United Methodism’s current agonies uncover a deep problem related to our polity.   Maybe it’s a good time, then, to ask a basic question. What does it mean for us United Methodists to live with a specific polity? To get at that question, let me tell you a story.

I recently had a student unhappy with his performance on a paper ask about how he could make it better. I had assigned the class the task of reviewing the Apostles Creed, the Nicene Creed and the Chalcedonian definition and then writing a brief reflection on whether they saw these three statements as making essentially the same claims or not. They were then to explain (give a reason) for their conclusions. In the process, this student had encountered the distinction between “created” and “begotten” in the Nicene Creed and understandably went to a dictionary to sort out the difference. Unfortunately, that definition stated that “begotten” includes “created.” Because it was not a theological dictionary that would have helped put these terms in their proper context for understanding the creeds, the student got the impression that “created” and “begotten” mean the same. From the Creed’s vantage point, then, he drew the false conclusion that the Son is both created and begotten.

Our understanding something properly depends on putting it in proper context. This well-known but easily forgotten observation helps us understand the problems we’re having with polity. Back to my question: what does it mean for United Methodists to live with a specific polity?   There are two ways of answering:

  1. Polity defines our United Methodist way of life, a communal life shaped by a shared vision of what we believe to be true and good with respect to our identity and mission. Polity helps us stay accountable – in vital contact with – our shared vision.
  2. Polity refers to organization and procedure and the distribution of power through the system.   In order to share power appropriately, goods and services are gauged according to certain categories, like race, gender, etc.

Of course, these definitions overlap, but the one to which we give pride of place makes a big difference to how our current debates go. The two definitions thus lean in opposite directions and, to quote Robert Frost from “The Road Not Taken,” the one we prefer makes all the difference.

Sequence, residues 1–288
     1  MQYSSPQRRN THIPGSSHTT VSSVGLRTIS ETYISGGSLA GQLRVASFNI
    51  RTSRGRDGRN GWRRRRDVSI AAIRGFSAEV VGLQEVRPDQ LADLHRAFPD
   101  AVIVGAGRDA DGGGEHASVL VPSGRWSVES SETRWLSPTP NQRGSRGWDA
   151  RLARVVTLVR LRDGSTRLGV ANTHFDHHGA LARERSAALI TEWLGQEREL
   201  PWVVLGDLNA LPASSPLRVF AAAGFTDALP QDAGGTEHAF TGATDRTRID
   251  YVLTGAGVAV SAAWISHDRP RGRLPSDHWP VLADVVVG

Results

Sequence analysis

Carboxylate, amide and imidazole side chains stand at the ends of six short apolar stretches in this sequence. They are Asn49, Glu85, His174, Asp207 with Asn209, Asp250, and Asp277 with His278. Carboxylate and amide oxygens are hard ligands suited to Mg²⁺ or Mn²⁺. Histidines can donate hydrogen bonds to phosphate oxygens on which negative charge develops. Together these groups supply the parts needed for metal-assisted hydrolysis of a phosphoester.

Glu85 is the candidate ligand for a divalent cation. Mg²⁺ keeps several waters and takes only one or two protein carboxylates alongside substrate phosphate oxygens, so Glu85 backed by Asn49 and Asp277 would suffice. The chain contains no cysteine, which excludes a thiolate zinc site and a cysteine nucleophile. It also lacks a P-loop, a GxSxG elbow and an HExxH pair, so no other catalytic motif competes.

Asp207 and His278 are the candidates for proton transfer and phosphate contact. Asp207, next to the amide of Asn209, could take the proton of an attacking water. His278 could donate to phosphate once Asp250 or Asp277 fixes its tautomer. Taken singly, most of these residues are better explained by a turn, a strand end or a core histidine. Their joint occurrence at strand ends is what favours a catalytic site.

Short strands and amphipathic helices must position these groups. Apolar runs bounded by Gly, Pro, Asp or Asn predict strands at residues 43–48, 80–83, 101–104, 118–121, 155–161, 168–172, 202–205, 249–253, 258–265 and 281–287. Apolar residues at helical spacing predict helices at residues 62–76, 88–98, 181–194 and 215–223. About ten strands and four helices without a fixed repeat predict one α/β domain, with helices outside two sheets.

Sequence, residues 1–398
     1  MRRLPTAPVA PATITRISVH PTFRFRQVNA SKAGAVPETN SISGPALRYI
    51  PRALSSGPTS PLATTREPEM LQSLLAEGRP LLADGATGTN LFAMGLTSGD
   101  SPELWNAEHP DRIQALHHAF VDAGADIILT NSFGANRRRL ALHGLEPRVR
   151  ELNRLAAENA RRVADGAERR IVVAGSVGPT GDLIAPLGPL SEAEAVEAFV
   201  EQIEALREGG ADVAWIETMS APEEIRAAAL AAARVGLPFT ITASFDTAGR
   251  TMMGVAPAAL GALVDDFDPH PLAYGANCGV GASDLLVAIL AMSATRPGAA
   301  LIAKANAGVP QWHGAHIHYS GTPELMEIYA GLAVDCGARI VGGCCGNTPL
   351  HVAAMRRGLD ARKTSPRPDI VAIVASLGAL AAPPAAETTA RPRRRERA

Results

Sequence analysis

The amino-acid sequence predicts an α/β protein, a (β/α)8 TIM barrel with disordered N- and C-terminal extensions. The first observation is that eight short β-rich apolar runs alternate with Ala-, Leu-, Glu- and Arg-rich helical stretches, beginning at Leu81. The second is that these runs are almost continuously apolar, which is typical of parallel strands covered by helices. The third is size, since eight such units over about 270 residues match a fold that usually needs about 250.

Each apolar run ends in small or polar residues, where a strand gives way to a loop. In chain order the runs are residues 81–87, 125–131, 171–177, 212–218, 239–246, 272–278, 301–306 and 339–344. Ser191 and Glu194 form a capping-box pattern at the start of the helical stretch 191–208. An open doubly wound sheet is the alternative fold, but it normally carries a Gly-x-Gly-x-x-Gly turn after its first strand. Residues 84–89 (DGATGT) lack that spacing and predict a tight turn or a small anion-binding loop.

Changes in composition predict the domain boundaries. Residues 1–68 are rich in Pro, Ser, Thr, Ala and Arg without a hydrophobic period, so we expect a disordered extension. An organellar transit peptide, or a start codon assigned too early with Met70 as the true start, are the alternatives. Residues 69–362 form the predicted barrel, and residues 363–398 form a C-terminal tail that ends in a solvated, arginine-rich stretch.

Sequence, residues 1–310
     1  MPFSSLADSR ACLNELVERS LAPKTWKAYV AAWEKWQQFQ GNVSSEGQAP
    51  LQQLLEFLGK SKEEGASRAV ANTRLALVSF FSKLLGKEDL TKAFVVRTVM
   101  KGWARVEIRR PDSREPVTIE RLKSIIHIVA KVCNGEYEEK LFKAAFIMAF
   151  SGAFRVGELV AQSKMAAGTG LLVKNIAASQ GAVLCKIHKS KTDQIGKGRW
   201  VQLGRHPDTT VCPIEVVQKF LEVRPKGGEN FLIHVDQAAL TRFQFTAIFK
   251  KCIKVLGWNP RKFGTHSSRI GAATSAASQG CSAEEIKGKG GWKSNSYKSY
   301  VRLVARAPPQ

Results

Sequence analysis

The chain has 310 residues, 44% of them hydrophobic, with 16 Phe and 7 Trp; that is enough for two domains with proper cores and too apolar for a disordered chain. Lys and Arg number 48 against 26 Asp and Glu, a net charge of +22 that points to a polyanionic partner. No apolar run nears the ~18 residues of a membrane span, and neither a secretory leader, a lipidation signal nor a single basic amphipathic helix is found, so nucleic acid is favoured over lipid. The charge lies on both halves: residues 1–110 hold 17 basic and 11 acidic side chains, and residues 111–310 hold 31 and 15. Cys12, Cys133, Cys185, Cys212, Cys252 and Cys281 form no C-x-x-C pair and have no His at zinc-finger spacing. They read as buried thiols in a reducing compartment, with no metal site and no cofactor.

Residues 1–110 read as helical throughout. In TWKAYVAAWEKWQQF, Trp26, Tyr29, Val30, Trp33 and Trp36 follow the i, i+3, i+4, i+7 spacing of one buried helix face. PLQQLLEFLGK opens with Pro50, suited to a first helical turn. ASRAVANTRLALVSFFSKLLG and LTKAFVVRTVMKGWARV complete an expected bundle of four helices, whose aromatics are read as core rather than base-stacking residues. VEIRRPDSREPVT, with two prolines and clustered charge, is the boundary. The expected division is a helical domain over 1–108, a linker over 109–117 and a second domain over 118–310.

Organization, structure and procedures stand in service to shared identity, vision, mission and values.  Polity is a means to an end. Our polity needs the “content,” then, of shared vision. If we lose sight of what we share, we slip into the same problem my student had, which is to impose a definition that does not do justice to the task in front of us. If as a denomination we have lost a shared vision, it will do no good to keep fussing with one another about structure, organization and procedure. Such arguments are as futile as two surgeons called upon to perform a heart transplant on a dying patient endlessly debating the best means to open the patient’s chest.

If we share vision, measures of accountability carefully designed make sense to us and seem appropriate. If we don’t share vision, those same measures look like abuses of power. The first order of business, then, is to answer the question: do we United Methodists still share a vision? If we don’t, then we need to back up yet another step and start asking again what unifies United Methodists. Do we agree, for example, on the basic contours of the Christian life? On the nature of salvation? On holy living? On what a sanctified life of discipleship means? If we do, then let’s say so openly and clearly and share it with a desperate world. If we don’t, then let’s work on the basic question.

The amped-up pragmatists among us have no patience for this kind of discussion. We will continue to slide toward oblivion if we don’t have it.

United Methodist Polity: A Question

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7 thoughts on “United Methodist Polity: A Question

  • September 19, 2015 at 11:27 am

    Your perspective always makes me think, Steve. Thank you.

  • September 19, 2015 at 11:31 am

    Thank you for the interesting post. I’d suggest that our dilemma today is not so much prioritizing “vision” vs “structure.” Because both are necessary. Rather, seems to me, our dilemma turns on the choice of “somewhat looser” vs “somewhat tighter.” How we strike that balance hinges on our tolerance for difference and our desire for unity.